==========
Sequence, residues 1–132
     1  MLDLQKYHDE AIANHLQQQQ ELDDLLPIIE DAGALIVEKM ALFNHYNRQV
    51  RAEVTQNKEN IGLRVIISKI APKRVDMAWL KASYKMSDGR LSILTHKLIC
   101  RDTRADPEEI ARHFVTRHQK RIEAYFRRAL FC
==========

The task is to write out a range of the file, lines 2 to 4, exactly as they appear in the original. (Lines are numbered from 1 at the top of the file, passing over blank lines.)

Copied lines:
     1  MLDLQKYHDE AIANHLQQQQ ELDDLLPIIE DAGALIVEKM ALFNHYNRQV
    51  RAEVTQNKEN IGLRVIISKI APKRVDMAWL KASYKMSDGR LSILTHKLIC
   101  RDTRADPEEI ARHFVTRHQK RIEAYFRRAL FC